New Year Resolution Coin - Diadumenian Hermes

Discussion in 'Ancient Coins' started by hotwheelsearl, Jan 2, 2021.

  1. hotwheelsearl

    hotwheelsearl Well-Known Member

    For my 2021 resolution, I decided that I would stop buying coins "just to buy coins." Rather, I wanted to start spending a bit more on coins that I actually am drawn to for one reason or another. I'm absolutely still a bargain hunter and try not to spend more than $20 on any one coin. However, sometimes you find a coin that you REALLY want, for ANY price.

    I found that in this AE27 of Diadumenian from Nikopolis, Moushmov 1367.

    I was incredibly drawn to the beautiful reverse type of Hermes leaning on a rock. This must have been a popular bronze statue type, as this Hermes seems to pop up every now and again.
    This coin cost an astounding $52, which may be a bit much, especially considering the very unfortunate roughness on the obverse. However, the reverse more than makes up for it and I think it was worth every penny. The stunning forest-green patina is very intact and beautiful (except on the front...)
    There is a rather similar extant statue type of Hermes fastening his sandal based on an original by the school of Lysippos.
    The similarities lead me to believe that the sandal-tyer is either a contemporary version of the Hermes with caduceus statue, or that it was a later Roman modification of this popular statuary type.

    In fact, I have two others that feature similar poses:
    Caracalla Paris 264 (2020_11_18 03_38_31 UTC).JPG

    Caracalla from Alexandria Troas. This features Apollo leaning on a cippus instead of a rock, and holding branch instead of Caduceus. However, its obviously the same sculptural type.
    This appears to be Severus Alexander, but could also be Caracalla (still not sure).
    This has the exact same Hermes pose as the Diadumenian, just in much worse condition.

    Please show off your first coins of the years, any leaning figures, or anything else you feel like.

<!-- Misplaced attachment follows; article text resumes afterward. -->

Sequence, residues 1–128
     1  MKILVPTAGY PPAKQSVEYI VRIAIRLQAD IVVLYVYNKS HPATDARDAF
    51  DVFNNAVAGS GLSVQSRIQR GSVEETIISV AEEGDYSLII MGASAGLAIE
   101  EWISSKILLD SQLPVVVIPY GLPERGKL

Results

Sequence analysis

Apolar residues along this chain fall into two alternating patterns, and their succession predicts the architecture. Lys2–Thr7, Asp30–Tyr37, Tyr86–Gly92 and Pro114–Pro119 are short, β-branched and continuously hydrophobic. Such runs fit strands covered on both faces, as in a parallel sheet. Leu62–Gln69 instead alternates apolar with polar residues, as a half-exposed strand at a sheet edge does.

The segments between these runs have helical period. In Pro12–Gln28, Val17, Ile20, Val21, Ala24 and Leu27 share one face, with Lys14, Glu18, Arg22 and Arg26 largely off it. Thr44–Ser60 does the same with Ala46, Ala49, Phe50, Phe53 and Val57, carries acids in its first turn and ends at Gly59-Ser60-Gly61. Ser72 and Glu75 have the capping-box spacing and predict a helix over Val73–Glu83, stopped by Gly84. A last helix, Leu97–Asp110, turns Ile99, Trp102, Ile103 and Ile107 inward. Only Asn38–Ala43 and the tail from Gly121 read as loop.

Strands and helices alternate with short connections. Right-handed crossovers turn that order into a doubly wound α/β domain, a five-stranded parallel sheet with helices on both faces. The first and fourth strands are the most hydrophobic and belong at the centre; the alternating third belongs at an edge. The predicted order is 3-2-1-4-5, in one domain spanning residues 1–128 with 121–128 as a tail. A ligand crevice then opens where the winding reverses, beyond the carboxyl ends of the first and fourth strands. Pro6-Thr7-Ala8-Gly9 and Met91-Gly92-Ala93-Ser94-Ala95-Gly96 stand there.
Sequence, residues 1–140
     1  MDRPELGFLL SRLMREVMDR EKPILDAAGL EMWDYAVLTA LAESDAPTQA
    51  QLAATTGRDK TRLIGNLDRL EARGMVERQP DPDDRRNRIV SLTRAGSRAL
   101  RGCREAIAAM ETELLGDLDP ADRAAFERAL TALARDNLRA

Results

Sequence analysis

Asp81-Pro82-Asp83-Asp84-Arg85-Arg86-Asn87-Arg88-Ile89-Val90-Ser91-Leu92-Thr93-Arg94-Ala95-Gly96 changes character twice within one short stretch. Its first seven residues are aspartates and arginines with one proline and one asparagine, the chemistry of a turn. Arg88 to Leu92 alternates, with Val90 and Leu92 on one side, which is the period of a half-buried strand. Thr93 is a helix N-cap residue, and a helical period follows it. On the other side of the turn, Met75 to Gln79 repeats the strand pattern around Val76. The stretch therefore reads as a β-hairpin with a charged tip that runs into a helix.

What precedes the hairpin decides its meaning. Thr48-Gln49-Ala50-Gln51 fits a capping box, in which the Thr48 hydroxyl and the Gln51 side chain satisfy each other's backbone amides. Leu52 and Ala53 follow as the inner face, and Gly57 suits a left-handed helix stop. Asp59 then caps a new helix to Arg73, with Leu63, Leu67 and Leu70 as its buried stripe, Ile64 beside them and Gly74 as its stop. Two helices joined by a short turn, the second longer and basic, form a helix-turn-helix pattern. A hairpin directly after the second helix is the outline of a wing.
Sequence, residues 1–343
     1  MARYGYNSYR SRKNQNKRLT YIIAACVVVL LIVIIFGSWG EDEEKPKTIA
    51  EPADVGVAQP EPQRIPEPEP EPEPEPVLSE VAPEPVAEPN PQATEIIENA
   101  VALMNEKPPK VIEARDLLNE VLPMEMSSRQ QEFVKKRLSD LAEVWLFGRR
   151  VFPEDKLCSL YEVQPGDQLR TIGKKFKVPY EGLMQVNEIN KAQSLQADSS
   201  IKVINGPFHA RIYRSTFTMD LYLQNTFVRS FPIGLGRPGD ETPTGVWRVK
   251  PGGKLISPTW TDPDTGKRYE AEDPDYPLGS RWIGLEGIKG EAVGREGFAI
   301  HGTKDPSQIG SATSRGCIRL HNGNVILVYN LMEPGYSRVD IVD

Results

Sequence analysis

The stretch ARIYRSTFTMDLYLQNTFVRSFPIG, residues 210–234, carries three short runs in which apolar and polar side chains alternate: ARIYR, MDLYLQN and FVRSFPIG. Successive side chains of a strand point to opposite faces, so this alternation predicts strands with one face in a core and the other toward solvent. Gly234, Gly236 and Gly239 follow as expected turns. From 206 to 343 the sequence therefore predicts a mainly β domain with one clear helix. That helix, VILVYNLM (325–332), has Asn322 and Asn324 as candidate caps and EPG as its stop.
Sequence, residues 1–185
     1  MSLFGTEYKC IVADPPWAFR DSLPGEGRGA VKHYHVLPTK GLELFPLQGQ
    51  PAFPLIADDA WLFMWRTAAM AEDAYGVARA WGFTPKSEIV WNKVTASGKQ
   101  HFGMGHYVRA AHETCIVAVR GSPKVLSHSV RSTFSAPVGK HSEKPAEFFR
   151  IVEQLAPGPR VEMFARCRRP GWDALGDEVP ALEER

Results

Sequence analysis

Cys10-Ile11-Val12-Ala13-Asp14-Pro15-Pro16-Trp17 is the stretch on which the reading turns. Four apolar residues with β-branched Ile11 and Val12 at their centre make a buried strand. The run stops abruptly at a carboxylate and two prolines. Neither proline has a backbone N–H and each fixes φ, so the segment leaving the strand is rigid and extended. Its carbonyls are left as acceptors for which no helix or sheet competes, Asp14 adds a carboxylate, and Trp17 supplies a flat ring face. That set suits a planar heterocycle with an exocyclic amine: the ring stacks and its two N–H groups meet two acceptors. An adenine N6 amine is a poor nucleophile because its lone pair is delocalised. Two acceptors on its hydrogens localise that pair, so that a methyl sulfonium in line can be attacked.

Egry, Justin Lee, Finn235 and 9 others like this.
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  3. tenbobbit

    tenbobbit Supporter! Supporter

    Your unidentified coin is Diadumenians father Macrinus.

    Here is my Hermes Struck for Macrinus

    Sillyon, Pamphylia
    Hermes seated on rocks, holding purse & caduceus ( check the winged boots )

    DonnaML, TIF, Johndakerftw and 3 others like this.
  4. dougsmit

    dougsmit Member Supporter

    Gordian III used the type at Nicopolis.

    DonnaML, tenbobbit, TIF and 2 others like this.
  5. PeteB

    PeteB Well-Known Member

    Another Hermes reverse:
    Philip II. As Caesar, 244-247 AD. Æ Pentassarion. MOESIA INFERIOR, Marcianopolis. Æ (27mm, 13.79 gm, 2h). Prastinus Messalinus, legatus consularis. Obv: Bareheaded, draped, and cuirassed bust of Philip II right, facing draped bust of Sarapis left, wearing calathus. Rev: Hermes leaning to left, with right foot on ram’s head, looking right, drapery on knee; and tortoise, left below, incorrectly described as an overturned jug by Varbanov, and others, with E (mark of value) and caduceus leaning on a tree stump to right. H&J (R5); Varbanov 2107 (R5); AMNG I, 1209.
    The identification as a tortoise and not an overturned jug is quite clear, not only from the sharpness of this image, but mythology tells us that Hermes created the first lyre by using a string tied over a tortoise shell.
  6. hotwheelsearl

    hotwheelsearl Well-Known Member

    Wow!!! I didn’t know Hermès tying sandal reverses were out there. Lovely
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